Myth #14: We will never make good managers because we are so self-focused.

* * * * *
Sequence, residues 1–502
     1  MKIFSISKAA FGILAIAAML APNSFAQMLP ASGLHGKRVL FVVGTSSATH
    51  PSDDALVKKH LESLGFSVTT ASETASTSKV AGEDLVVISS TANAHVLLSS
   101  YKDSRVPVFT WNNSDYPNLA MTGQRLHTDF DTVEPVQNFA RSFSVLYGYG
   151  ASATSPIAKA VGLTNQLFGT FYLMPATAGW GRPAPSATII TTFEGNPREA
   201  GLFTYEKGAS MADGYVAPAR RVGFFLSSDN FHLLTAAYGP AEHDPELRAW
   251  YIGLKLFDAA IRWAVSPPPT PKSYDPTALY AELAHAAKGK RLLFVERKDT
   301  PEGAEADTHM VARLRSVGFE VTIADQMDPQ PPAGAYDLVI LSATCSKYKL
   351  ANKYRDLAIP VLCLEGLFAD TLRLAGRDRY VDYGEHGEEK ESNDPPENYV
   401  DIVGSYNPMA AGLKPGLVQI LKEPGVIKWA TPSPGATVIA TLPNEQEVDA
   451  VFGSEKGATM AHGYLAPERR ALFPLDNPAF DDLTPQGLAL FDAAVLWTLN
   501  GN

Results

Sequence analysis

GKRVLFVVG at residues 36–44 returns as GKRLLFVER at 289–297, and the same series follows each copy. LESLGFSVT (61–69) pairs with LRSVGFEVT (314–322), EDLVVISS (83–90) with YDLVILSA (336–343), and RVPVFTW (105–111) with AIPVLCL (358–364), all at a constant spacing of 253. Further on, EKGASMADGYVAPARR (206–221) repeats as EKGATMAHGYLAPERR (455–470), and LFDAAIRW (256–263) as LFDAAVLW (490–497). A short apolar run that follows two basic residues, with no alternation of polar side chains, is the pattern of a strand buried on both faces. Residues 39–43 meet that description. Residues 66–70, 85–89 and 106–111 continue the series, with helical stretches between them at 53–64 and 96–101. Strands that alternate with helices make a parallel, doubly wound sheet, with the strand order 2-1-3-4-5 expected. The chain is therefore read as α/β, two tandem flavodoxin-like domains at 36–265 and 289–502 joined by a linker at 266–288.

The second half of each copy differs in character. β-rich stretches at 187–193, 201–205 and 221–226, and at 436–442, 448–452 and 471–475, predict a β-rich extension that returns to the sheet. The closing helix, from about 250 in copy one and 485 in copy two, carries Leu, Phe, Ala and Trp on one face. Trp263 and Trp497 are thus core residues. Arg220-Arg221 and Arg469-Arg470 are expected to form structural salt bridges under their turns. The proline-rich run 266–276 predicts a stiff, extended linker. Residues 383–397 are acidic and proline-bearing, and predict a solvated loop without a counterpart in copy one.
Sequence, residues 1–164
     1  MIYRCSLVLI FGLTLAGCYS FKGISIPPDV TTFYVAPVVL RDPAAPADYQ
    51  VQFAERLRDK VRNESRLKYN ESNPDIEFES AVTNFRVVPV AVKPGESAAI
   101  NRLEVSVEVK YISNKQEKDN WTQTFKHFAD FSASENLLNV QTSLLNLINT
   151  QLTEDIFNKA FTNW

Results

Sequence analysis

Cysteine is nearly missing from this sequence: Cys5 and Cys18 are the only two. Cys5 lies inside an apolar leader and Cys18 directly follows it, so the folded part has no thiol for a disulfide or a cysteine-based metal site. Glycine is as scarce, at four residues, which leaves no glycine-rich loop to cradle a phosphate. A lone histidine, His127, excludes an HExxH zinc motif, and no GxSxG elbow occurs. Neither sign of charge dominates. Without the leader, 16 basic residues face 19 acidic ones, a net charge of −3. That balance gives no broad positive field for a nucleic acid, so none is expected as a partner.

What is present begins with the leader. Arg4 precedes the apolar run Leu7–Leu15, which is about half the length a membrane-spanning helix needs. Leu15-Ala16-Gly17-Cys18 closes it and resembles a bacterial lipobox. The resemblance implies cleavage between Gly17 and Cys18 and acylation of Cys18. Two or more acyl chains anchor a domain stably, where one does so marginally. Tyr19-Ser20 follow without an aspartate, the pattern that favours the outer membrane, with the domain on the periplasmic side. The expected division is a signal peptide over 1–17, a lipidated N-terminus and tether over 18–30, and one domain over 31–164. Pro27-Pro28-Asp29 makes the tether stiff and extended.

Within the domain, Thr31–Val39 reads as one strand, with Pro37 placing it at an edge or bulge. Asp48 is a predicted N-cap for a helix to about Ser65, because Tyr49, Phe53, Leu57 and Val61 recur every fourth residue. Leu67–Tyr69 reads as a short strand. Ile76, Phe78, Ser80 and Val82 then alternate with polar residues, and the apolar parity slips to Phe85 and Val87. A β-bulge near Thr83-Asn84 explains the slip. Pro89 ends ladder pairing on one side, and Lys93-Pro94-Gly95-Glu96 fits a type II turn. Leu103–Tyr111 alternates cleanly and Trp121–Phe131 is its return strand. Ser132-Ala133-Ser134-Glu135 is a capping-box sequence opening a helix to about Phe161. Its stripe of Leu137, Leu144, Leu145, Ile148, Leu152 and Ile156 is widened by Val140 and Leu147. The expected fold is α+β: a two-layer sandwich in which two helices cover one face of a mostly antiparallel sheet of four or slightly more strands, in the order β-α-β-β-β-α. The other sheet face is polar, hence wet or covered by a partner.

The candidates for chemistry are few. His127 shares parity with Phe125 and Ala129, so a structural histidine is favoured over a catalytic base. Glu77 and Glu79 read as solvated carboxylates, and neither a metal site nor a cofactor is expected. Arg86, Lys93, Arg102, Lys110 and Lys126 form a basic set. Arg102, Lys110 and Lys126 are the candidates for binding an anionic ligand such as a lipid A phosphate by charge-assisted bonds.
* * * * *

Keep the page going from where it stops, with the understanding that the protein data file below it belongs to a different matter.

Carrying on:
Of course, we can be good managers. We are not aliens. We crave human connection. We are nurturing and enjoy this aspect of work relationships. We meet friends, spouses, and mentors at work. If you find your people appear self-focused, I think you are hiring the wrong kind of talent. Also beware of the look-alike syndrome. Organizations tend to hire people who are like them. If you want to prevent this than you will need to work harder to diversify your sourcing pool and create a thorough screening process. Also, as a sidenote, if you hire the millennial with the gleaming resume-Ivy League-and all that, you might be missing some great people who have just as much to offer particularly in the realm of street smarts, something you aren’t told you will need in business. These millennials who don’t have a cookie cutter resume are more worldly, mature and intuitive, skills relevant to a management position.